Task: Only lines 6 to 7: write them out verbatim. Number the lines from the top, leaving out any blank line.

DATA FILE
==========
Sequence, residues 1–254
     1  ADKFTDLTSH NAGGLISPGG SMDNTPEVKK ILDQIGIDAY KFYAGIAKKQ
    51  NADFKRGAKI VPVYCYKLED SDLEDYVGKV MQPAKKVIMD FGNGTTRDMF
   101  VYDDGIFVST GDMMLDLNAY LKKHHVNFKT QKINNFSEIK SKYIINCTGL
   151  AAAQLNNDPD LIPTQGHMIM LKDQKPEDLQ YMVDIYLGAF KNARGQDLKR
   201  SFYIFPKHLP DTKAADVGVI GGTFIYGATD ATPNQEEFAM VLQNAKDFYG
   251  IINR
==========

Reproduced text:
   201  SFYIFPKHLP DTKAADVGVI GGTFIYGATD ATPNQEEFAM VLQNAKDFYG
   251  IINR